Pennsylvania Firearm Ownership Restrictions
The following disqualifies a person from buying a gun in Pennsylvania
- a fugitive from justice;
- has been convicted of an offense under the Controlled Substance, Drug, Device and Cosmetic Act (P.L. 233, No. 64) punishable by imprisonment exceeding two years; or
- has been convicted of driving under the influence (DUI) of alcohol or controlled substance as provided in 75 Pa.C.S. § 3802 (relating to driving under influence of alcohol or controlled substance) or the former 75 Pa.C.S. § 3731, on three or more separate occasions within a five-year period; or (Note: Depending on the grade of the offense, certain DUI offenses could be prohibiting under Federal law upon the first conviction.)
- has been adjudicated as an incompetent or who has been involuntarily committed to a mental institution for treatment under § 302, 303, or 304 under the Mental Health Procedures Act (P.L. 817, No. 143); or
- is an alien, is illegally or unlawfully in the United States; or 6. is the subject of an active protection from abuse order issued pursuant to 23 Pa.C.S. § 6108, relating to relief, which order provides for the relinquishment of firearms; or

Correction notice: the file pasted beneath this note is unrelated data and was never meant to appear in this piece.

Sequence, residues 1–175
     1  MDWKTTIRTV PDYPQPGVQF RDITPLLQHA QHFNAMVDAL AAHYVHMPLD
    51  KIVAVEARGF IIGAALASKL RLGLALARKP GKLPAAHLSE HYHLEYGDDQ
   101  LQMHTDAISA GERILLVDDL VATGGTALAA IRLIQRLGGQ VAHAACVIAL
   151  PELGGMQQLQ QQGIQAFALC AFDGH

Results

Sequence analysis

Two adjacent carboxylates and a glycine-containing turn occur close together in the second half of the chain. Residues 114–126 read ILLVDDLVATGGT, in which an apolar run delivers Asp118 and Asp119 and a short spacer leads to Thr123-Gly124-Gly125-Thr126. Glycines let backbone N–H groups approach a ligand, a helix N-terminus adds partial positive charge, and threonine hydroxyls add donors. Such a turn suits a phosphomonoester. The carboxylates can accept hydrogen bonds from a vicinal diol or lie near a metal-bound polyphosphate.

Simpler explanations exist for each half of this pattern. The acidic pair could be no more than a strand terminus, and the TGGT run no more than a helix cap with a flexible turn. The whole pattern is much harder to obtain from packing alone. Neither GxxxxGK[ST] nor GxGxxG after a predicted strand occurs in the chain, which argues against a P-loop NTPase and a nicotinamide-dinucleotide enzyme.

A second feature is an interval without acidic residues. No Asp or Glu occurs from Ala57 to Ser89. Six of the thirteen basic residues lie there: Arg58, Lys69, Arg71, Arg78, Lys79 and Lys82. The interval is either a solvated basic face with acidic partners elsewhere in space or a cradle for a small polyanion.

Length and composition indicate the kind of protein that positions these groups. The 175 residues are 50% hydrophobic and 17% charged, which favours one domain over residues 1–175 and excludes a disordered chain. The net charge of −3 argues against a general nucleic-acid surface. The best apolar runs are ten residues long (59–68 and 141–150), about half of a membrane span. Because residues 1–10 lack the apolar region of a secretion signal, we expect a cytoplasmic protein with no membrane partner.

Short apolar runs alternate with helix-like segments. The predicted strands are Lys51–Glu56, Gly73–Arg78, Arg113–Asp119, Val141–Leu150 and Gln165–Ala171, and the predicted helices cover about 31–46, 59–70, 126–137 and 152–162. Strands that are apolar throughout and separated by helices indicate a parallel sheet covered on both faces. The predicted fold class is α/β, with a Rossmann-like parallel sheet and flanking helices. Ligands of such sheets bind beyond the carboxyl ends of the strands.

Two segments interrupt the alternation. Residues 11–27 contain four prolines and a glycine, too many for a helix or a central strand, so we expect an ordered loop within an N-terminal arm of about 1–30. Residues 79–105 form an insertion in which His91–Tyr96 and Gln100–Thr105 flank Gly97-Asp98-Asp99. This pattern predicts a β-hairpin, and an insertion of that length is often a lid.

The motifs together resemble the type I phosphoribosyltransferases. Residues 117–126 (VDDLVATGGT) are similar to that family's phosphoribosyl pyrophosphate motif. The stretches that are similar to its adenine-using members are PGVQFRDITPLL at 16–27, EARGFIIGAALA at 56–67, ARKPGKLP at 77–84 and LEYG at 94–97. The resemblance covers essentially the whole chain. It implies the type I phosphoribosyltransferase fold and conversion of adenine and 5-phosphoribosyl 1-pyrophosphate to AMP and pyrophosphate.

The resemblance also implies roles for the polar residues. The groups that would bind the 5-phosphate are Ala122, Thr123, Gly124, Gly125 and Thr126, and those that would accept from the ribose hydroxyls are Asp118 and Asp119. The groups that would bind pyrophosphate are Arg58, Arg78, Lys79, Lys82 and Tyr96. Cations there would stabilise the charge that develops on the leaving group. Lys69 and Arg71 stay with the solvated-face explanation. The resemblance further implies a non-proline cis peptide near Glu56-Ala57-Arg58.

- was adjudicated delinquent (with conditions specified in the UFA). With the exception of crimes committed under sections 2502, 2503, 2702, 2703, 2704, 2901, 3121, 3123, 3301, 3502, 3701, and 3923, this prohibition may terminate 15 years after the last applicable delinquent adjudication or upon the person reaching the age of 30, whichever is earlier.
- was adjudicated delinquent by a court pursuant to 42 Pa.C.S. § 6341 or under any equivalent Federal statute or statute of any other state as a result of conduct which if committed by an adult would constitute an offense enumerated in 18 Pa.C.S. § 6105(b) with the exception of those crimes set forth in paragraph 7. This prohibition shall terminate 15 years after the last applicable delinquent adjudication or upon the person reaching the age of 30, whichever is earlier.
- is prohibited from possessing or acquiring a firearm under 18 U.S.C. § 922(g)(9) (relating to unlawful acts) who has been convicted in any court of a misdemeanor crime of domestic violence by a person in any of the following relationships: (i) the current or former spouse, parent or guardian of the victim; (ii) a person with whom the victim shares a child in common; (iii) a person who cohabits with or has cohabited with the victim as a spouse, parent or guardian; or (iv) a person similarly situated to a spouse, parent or guardian of the victim; then the relationship need not be an element of the offense to meet the requirements of this paragraph.
FEDERAL DISQUALIFICATION CATEGORIES
- Conviction (felony or misdemeanor) where the crime has a maximum imprisonment term exceeding 1 year. (even if a buyer did not receive actual imprisonment exceeding 1 year)
- Warrant (felony or out-of-state misdemeanor).
- Felony pre-trial release.
- Misdemeanor crimes of domestic violence restraining/stalking/protection order mental health adjudication or commitment.
- Unlawful use or addicted to a controlled substance (including marijuana).
- Dishonorable discharge from the armed forces.
- Renounced U.S. citizenship.
- Illegal alien.